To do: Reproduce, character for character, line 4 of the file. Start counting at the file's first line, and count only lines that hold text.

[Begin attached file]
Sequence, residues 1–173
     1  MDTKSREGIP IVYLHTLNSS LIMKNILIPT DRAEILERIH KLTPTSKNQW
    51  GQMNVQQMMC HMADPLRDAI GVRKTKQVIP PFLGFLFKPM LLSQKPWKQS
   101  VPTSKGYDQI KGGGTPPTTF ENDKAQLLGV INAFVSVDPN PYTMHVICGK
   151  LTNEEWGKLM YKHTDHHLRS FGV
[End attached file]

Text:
   101  VPTSKGYDQI KGGGTPPTTF ENDKAQLLGV INAFVSVDPN PYTMHVICGK